As a law-abiding human being, I do not ask much out of the companies I do business with. I simply want good service and a quality product out of the deal in exchange for my money and continued patronage. With certain multi-national corporations however, I am getting far more than I ever wanted—and ominously so.
The ubiquitous Google empire, with its search engine, email, navigation, Android technology, productivity tools, and YouTube, certainly has numerous services it offers to anyone with access to the internet, but what we surrender is our privacy and personal information. It uses its services to enable algorithmic technology to process and predict our buying patterns and sensibilities. As if that was not bad enough, they probably know far more about us than we would reasonably allow if we actually had a say in the matter. (Google contends that we do. I do not believe them.)
Over the last three years, I have been phasing out my usage of Google. For my purposes as a filmmaker and musician, I cannot eradicate Google completely, but I have made progress.
Here’s a list of what I’ve done:
- I do not use Gmail and have opted instead to use a company called Proton Mail that encrypts my emails and protects my data.
- I do not use Google Chrome as my web browser. I use a browser called Brave that blocks all ads and internet trackers to maintain privacy .
- I do not use Google Search and use an engine called DuckDuckGo that does not track or record your search history.
- I do not use Google Docs, Sheets, Photos, or any of its document services. I generally stick to Microsoft products or a simple text program to meet most of my writing needs.
Now, with that said, Google still has its grubby tentacles firmly entrenched in my life. My cell phone uses Android software along with Google’s ridiculously convenient navigation system. I publish my weekly short films on Google’s YouTube platform because it’s free and is an effective way to get my film work out into the world.
Someday, I’ll find a cell phone that is not manufactured by Google or Apple that is just as good as those behemoths. One day, I will not need to publish my films on Youtube to get people to watch them. Until those days come, I’m stuck in my dance with the devil for now.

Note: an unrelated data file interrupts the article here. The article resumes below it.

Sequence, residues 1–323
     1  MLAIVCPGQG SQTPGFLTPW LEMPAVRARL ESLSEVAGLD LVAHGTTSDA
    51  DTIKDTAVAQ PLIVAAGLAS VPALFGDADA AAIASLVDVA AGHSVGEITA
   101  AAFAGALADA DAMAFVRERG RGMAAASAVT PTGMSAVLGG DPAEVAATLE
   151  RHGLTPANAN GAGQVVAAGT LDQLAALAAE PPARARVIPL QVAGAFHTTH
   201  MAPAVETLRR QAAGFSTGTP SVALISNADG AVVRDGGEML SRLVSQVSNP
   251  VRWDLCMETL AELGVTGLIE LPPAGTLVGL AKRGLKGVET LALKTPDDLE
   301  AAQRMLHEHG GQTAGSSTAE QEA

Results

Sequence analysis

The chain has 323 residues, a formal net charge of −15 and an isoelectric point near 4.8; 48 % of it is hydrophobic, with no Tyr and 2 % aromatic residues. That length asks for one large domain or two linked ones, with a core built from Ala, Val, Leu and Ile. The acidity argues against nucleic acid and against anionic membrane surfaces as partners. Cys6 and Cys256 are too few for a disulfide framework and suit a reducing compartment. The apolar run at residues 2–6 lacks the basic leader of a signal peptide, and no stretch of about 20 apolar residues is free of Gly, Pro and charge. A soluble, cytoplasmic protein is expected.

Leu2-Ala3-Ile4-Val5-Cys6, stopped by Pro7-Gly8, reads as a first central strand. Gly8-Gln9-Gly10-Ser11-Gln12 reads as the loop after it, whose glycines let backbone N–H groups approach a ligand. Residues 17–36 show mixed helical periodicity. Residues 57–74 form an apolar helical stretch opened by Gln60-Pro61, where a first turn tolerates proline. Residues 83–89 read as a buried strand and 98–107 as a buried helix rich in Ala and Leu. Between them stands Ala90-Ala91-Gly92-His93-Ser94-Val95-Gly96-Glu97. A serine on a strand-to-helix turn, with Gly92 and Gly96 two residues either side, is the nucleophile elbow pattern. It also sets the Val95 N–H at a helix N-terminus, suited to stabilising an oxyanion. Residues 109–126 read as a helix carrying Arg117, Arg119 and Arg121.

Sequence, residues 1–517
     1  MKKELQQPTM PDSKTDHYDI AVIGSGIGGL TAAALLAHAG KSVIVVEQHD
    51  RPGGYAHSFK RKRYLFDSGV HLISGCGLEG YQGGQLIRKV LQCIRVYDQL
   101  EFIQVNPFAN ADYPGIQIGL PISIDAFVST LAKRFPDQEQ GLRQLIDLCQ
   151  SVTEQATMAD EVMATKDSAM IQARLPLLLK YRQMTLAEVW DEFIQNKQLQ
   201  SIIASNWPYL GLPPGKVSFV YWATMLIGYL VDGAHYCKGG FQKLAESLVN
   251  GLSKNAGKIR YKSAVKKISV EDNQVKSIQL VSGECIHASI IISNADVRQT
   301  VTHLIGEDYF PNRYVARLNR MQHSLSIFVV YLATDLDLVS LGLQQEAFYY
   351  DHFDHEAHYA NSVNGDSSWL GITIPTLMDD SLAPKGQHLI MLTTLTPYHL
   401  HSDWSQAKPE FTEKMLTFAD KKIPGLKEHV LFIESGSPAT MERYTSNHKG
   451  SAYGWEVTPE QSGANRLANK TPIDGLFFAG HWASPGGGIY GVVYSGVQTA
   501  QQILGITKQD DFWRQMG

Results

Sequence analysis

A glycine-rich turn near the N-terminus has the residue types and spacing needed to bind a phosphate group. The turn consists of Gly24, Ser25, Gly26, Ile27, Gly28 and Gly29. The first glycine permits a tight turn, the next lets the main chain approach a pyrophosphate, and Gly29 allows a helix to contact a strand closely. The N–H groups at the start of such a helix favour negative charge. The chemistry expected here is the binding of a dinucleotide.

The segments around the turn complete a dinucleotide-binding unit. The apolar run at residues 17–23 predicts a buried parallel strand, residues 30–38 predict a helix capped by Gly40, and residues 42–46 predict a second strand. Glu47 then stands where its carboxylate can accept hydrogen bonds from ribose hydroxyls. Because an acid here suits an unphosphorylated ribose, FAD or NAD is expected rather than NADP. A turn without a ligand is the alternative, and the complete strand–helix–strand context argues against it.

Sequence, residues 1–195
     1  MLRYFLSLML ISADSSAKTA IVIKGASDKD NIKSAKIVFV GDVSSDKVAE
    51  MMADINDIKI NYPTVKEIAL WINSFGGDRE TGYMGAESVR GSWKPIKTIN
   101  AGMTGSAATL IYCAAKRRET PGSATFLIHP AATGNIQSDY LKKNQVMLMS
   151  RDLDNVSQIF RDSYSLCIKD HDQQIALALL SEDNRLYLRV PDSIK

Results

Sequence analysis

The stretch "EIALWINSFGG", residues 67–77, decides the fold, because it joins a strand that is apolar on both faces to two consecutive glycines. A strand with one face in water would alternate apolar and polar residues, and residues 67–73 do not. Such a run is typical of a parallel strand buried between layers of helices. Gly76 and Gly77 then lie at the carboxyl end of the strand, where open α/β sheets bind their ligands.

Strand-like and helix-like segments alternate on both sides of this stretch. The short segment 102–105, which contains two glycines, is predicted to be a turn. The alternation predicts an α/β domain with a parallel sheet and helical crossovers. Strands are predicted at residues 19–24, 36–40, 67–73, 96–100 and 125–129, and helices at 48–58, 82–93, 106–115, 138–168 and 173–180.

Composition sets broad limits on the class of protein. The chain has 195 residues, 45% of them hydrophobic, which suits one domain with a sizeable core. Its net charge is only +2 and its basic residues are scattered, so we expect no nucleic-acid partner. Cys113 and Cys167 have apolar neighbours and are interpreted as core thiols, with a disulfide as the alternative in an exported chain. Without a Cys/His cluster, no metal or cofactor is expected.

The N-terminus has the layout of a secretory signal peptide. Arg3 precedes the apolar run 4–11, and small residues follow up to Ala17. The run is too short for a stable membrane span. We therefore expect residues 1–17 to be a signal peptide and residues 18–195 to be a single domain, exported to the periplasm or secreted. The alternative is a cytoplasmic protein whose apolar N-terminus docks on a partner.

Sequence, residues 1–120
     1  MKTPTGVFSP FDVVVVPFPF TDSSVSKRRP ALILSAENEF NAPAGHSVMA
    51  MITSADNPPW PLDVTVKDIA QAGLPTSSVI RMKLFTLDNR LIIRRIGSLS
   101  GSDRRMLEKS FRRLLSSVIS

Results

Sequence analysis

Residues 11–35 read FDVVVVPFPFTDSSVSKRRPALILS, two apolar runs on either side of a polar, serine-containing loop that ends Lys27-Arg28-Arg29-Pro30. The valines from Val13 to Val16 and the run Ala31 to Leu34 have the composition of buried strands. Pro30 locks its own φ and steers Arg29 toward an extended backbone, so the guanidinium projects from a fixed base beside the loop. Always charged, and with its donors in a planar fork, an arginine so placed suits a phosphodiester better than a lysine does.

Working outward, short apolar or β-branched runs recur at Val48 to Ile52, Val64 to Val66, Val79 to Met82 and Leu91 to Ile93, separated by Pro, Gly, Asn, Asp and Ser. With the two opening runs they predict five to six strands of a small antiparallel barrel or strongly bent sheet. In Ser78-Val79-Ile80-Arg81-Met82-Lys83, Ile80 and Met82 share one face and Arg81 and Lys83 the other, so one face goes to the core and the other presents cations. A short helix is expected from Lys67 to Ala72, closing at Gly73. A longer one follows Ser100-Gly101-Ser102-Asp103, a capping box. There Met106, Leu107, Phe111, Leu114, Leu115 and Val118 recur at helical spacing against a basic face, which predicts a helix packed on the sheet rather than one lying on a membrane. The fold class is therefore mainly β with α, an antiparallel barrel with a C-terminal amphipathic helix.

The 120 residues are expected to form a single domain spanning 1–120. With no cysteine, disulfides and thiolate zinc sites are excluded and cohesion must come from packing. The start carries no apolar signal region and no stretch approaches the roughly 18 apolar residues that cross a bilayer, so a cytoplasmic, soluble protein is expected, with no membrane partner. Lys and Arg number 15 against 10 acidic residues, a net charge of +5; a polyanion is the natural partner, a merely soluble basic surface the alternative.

If anyone out there has thoughtful suggestions about what I can do to remedy this, I am completely open to possibilities.
More recently, given the insane amounts of profit Amazon has raked in during the current Coronavirus pandemic along with its mistreatment of its warehouse employees, this worldwide monopoly is my next target. I mean no offense to close friends of mine who work for Amazon, but I’ve started to extricate myself and my purchasing power from this corporate giant.
For starters, I have stopped using Kindle technology to read ebooks. I recently purchased a different e-reader called the Kobo Libra H2O to satisfy my modern reading needs. It’s made by a Canadian company named Rakuten and does everything that Kindle does (and more).
The other more tricky way that I am eliminating Amazon from my life is not ordering from them and ending my Amazon Prime subscription. I’ve started to patronize other online companies (like Sweetwater and B and H Photo and Video) to order the film and music supplies that I need. When my prime subscription runs out in less than a year, I will not renew. I have plenty to watch on Netflix already, in addition to SO MANY BOOKS to read!!
Maybe all of this is a fool’s errand, and these huge companies, one way or another, are virtually inescapable. But is it too much to want some degree of control and balance in my life regarding my privacy and freedom of choice?
I do not think so.
These massive monopolies wanting to have a hand in so much of what I do is all feeling a little too dystopian and “big brother-ish” to me, and this cannot be good.
I’m not stopping with Google and Amazon either. I’ve got my sights set on Apple and Facebook on the eventual horizon.
What are you doing to safeguard your personal information and freedom of choice? I am doing all that I can at the moment and plan on doing a lot more.